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Sep 16, 2019 1:24 PMPublication: The East Hampton Press & The Southampton Press

September Sightings

Participants in the last of the summer series of nature paddles with the Peconic Land Trust toured Sag Harbor’s back coves, and stopped at this successful salt marsh restoration project. MIKE BOTTINI
Sep 16, 2019 2:05 PM

The sun is dipping below the horizon at 7 p.m., night temps are dipping below 60 degrees, crickets are dominating the nighttime insect chorus, and we’re starting to see some color changes in our foliage as we gradually shift from summer to fall.Most noticeable among the latter in my neighborhood are the leaves of flowering dogwoods. Much of their chlorophyll pigment has already disappeared, exposing anthocyanin pigments that give the leaves a pretty shade of red, burgundy and purple hues. A few red maples and tupelos have begun donning their fall colors, but the latter seem to be a few weeks behind schedule this year. Perhaps this September’s high water table and flooded swamps are delaying this water-loving tree’s shift into fall.

I also saw the first fall flock of American robins last week. Their appetites have now shifted from one favoring high protein insects and other invertebrates during the summer breeding season to a largely vegan fare high in carbohydrates and fats. Along with gobbling up crabapple fruits, they were plucking ripe dogwood berries; tupelo fruits are also high on their September menu.

The ocean has cooled slightly to just under 70 degrees, but the schools of Atlantic menhaden are still around, as are the humpback whales. Some monarch butterflies, the last of three generations that metamorphosed from eggs here on Long Island this summer, have begun the 1,000-mile southward migration to their overwintering sites in Mexico. But most are still in the larval and pupal stages, and won’t be ready for the long, incredible journey until October.

Last weekend was the last of the summer series of nature paddles sponsored by the Peconic Land Trust. A small fleet of kayaks, standup paddleboards, and a token canoe set out to explore the back coves of Sag Harbor Village. Bird observations were dominated by piscivores, and great egrets were the most numerous of the lot. Osprey, double-crested cormorants, great blue heron, green heron and belted kingfisher were also sighted, representing an assortment of fishing techniques: wading and spearing, aerial diving and spearing, aerial diving and snatching (with talons) and swimming underwater in pursuit of fish.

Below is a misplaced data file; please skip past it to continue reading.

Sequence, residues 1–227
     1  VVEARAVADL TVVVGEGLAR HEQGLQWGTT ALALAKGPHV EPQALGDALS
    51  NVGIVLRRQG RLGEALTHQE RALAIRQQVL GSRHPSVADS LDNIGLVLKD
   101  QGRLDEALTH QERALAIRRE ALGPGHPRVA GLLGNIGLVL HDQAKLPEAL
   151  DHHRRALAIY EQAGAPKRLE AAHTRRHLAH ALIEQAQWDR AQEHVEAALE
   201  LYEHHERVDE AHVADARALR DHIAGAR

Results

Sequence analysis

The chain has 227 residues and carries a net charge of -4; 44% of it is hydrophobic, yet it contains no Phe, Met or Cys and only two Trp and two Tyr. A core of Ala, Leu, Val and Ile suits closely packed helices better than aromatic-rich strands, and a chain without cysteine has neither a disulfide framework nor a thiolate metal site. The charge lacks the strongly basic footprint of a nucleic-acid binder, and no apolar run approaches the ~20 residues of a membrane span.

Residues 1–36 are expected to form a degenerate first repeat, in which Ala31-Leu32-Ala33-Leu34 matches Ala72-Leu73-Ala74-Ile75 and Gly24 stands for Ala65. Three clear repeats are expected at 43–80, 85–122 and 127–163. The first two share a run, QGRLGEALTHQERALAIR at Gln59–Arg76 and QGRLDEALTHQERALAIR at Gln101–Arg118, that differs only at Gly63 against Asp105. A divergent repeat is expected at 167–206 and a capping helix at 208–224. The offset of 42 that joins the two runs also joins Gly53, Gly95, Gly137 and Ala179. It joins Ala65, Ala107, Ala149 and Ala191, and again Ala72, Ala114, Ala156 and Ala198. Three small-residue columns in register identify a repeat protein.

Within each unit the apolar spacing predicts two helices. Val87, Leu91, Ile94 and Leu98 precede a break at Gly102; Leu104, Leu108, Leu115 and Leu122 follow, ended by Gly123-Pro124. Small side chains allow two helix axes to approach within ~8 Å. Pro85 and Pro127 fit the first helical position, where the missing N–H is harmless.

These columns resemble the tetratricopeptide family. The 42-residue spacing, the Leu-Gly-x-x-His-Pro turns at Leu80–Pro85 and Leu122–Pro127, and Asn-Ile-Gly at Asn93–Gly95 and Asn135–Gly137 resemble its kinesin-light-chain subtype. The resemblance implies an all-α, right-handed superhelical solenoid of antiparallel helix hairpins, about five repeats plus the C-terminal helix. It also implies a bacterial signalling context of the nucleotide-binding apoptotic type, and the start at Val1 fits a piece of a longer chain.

Returning from the outlet of Ligonee Brook, we encountered a school of foot-long Atlantic needlefish. Their common name refers to their very distinctive shape: a long, slender, rounded body that is thicker than it is deep, with its dorsal fin set well back near the tail and its other end adorned with a long, pointed, needle-like beak. The latter is armed with sharp teeth.

This coastal species reaches 2 feet in length when fully grown, and shows a wide tolerance to salinity levels, often wandering well up into the freshwater portions of estuaries and even into adjacent freshwater rivers. They move along the surface of the water, feeding on fish, which they catch sideways and then reposition to swallow them head first. Among their favored prey are mummichogs and Atlantic silversides.

Atlantic needlefish spawn in our estuaries; in New York that is thought to occur in May and June. As juveniles, the lower jaw grows faster than the upper, resulting in a “halfbeak stage,” during which they consume shrimp and other small crustaceans such as shrimp-like organisms called mysids, and copepods. Eventually, the lower jaw’s growth rate diminishes and the upper catches up, at which time their diet shifts completely to a fish-based one.

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